So I'm not doing that "some transwomen are my friends". No, it's just that I get lots of emails from transwomen saying "god, this is shit, this is shit, but if we say anything then there is a pile-on with us" and bearing in mind that the trans community is so small, so vilified, it's not surprising, we know how that feels.

So that's how it panned out. And then it was a bit of a lonely place. There was me, Janis Raymond, who wrote The Transexual Empire, Sheila Jefferies and maybe one other prominent radical feminist who were vilified and who had their employers written to and who had grant givers written to say "withdraw that grant, because this person is contravening you equal opportunities policy" and that happened to me all the time, every single grant or editor I had, it still does happen.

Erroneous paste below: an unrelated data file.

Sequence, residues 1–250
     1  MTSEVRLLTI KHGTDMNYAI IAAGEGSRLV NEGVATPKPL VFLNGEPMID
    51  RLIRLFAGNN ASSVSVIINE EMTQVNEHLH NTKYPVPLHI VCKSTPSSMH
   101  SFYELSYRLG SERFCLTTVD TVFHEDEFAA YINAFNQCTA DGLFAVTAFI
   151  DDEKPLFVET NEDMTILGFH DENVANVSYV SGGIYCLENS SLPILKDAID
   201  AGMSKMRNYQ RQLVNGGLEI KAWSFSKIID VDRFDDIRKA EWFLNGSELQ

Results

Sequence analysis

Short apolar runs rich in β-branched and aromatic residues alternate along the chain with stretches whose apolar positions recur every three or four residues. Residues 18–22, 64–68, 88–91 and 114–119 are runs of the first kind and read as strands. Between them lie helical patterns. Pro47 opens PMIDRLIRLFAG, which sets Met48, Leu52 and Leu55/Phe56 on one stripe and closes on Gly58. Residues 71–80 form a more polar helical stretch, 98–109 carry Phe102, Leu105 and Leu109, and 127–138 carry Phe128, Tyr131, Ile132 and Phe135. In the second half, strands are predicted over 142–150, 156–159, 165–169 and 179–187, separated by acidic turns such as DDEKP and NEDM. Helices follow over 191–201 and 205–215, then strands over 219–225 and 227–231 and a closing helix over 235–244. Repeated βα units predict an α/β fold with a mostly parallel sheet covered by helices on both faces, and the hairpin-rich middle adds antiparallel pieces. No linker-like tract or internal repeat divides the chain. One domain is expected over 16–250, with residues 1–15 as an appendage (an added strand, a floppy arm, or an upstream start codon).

But then some younger women, interestingly mainly heterosexual, just said "fuck this with this gender nonsense, what's all this "female brain" and "male brain?" You know, we're not having this. Of course we'll stand in front of any transperson who's been vilified and bullied and attacked, because that's oppression, cruelty, bullying."

But we don't have to buy into this "brain sex" thing. We don't have to abandon socialist and radical feminist theory and principals, which is that gender is a social construction, which is how patriarchy works.

So it wasn't a matter of being personally vitriolic towards individual trans people, it was just saying, of course, be as you wish. I mean, you know, we was talking earlier Miranda and another transwoman friend about misgendering and I said, I will refer you you as she and women because I reject the term for me.

It's all made up, it's all nonsense. I don't know what it feel like to be a woman, I really don't. I know what it feels like to be treated as a women. But I was born a baby, just as everyone else. So of course I'll use the pronoun she, it's basic manners and it doesn't exist anyway.